Europe's top court has dealt another blow to "zero rating" -- ruling for a second time that the controversial carrier practice goes against the European Union's rules on open internet access.
"Zero rating" refers to commercial offers that can be made by mobile network operators to entice customers by excluding the data consumption of certain (often popular) apps from a user's tariff.
The practice is controversial because it goes against the "level playing field" principle of the open internet (aka "net neutrality").
EU legislators passed the bloc's first set of open internet/net neutrality rules back in 2015 -- with the law coming into application in 2016 -- but critics warned at the time over vague provisions in the regulation which they suggested could be used by carriers to undermine the core fairness principle of treating all internet traffic the same.
Some regional telcos have continued to put out zero rating offers -- which has led to a number of challenges to test the robustness of the law. But the viability of zero rating within the EU must now be in doubt, given the double slap-down by the CJEU.
In its first major decision last year -- relating to a challenge against Telenor in Hungary -- the court found that commercial use of zero rating was liable to limit the exercise of end users’ rights within the meaning of the regulation.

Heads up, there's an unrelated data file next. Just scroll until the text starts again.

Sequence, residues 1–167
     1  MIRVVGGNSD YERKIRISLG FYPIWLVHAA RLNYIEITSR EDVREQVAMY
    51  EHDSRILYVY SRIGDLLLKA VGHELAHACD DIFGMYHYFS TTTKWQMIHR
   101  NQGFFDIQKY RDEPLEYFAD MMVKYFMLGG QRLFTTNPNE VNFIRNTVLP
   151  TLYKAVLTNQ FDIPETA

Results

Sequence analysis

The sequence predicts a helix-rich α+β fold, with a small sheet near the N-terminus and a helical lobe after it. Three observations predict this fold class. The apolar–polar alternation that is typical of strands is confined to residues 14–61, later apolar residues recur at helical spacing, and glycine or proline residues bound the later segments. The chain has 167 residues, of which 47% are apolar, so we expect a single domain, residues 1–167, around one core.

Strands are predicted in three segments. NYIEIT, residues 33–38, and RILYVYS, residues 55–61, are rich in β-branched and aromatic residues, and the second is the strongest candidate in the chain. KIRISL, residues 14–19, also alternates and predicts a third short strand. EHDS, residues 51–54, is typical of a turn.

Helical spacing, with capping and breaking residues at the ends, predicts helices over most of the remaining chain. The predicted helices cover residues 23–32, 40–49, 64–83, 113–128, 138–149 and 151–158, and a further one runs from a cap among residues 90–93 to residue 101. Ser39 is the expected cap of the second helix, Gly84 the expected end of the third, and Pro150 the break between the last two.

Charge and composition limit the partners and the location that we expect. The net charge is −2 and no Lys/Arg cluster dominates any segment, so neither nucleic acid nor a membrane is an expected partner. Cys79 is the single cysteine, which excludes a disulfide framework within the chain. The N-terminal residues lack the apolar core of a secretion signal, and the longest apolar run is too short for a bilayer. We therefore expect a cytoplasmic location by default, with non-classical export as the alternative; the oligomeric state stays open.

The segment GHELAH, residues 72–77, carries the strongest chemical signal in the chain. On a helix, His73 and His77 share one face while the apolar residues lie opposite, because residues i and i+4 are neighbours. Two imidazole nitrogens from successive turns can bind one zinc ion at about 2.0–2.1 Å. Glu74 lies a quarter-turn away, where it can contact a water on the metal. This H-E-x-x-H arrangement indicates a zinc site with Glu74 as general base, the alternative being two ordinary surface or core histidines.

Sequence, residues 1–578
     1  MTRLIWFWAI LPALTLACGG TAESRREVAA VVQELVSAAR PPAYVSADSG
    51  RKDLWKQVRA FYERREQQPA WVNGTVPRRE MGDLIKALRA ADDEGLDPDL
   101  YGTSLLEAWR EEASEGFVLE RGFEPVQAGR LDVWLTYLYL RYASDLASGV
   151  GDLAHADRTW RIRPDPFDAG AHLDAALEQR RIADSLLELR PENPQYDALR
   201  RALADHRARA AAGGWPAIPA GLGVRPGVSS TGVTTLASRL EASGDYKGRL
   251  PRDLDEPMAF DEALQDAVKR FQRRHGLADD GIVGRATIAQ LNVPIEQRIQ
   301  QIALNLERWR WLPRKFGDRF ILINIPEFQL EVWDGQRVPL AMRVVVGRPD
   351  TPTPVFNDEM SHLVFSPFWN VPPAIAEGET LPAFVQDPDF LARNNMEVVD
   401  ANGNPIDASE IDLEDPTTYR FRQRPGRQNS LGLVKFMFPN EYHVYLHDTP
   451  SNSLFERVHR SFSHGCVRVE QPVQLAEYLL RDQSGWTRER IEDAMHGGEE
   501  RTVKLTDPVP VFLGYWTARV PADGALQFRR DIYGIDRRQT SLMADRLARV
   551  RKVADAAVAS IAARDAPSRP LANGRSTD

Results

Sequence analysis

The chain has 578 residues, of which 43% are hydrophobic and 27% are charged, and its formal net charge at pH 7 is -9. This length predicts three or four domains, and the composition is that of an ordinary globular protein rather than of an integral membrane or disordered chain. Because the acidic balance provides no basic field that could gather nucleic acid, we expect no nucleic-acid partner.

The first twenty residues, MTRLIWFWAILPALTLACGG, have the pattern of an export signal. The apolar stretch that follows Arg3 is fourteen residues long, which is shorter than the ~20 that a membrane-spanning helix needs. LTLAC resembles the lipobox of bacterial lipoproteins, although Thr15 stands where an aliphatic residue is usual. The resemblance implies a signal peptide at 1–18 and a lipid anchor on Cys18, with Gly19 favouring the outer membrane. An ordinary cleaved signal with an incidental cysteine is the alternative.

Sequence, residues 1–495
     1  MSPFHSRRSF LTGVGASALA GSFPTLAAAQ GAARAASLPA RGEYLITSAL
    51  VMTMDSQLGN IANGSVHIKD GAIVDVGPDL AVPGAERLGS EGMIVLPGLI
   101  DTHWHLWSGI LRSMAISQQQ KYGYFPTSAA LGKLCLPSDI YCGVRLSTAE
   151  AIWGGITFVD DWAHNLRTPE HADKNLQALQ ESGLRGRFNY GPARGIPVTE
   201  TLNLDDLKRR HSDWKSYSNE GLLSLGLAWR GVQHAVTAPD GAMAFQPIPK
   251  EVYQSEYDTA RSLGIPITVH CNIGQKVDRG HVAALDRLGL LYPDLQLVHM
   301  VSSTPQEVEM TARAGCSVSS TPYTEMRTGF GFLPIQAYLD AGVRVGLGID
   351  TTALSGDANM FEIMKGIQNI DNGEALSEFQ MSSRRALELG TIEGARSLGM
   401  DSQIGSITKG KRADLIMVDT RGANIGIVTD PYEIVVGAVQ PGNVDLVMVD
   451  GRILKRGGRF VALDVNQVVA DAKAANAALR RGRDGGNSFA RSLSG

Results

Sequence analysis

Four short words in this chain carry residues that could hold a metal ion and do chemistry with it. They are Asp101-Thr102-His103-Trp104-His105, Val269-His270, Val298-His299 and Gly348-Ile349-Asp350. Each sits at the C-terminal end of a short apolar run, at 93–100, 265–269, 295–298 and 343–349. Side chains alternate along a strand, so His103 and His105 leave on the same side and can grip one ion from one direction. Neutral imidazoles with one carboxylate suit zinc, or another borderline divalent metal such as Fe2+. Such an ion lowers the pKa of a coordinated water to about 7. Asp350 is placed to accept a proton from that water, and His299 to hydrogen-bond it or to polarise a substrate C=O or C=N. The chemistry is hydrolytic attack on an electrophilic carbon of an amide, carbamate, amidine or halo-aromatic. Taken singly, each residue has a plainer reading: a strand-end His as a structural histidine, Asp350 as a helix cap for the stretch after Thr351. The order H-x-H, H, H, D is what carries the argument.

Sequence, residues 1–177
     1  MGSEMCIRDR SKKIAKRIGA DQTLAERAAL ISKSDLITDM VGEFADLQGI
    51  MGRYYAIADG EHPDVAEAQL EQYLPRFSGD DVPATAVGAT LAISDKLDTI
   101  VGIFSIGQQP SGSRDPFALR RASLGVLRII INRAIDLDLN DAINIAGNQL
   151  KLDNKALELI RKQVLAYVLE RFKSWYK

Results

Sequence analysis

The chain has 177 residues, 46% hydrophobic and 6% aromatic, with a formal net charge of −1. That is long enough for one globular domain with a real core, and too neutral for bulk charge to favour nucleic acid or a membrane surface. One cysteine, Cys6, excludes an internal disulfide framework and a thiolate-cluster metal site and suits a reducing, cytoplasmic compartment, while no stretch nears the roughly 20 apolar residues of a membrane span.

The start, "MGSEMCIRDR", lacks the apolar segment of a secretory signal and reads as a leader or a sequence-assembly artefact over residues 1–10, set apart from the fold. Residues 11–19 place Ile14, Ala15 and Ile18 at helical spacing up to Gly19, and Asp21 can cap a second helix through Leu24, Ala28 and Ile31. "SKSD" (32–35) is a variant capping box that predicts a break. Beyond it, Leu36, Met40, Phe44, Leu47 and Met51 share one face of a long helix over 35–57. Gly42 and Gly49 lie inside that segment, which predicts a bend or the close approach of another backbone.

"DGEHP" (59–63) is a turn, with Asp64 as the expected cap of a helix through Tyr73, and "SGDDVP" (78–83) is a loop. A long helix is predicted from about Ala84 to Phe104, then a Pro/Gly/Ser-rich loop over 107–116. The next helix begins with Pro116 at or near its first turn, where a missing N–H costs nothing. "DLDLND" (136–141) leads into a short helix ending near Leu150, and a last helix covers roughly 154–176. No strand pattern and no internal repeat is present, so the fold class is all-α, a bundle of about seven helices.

Its ruling today -- which relates to a challenge against zero rating by Vodafone and Telekom Deutschland in Germany (this time with a roaming component) -- comes to what looks like an even clearer conclusion, with the court giving the practice very short shrift indeed.
"By today’s judgments, the Court of Justice notes that a ‘zero tariff’ option, such as those at issue in the main proceedings, draws a distinction within internet traffic, on the basis of commercial considerations, by not counting towards the basic package traffic to partner applications. Such a commercial practice is contrary to the general obligation of equal treatment of traffic, without discrimination or interference, as required by the regulation on open internet access," it writes in a (notably brief) press release summarizing the judgement.
"Since those limitations on bandwidth, tethering or on use when roaming apply only on account of the activation of the ‘zero tariff’ option, which is contrary to the regulation on open internet access, they are also incompatible with EU law," it added.
We've reached out to Vodafone and Telekom Deutschland for comment on the ruling.
In a statement welcoming the CJEU's decision, the European consumer protection association BEUC's senior digital policy officer, Maryant Fernández Pérez, subbed the ruling "very positive news for consumers and those who want the internet to stay open to all".
"When companies like Vodafone use these ‘zero tariff’ rates, they essentially lock-in consumers and limit what the Internet can offer to them. Zero-rating is detrimental to consumer choice, competition, innovation, media diversity and freedom of information," she added.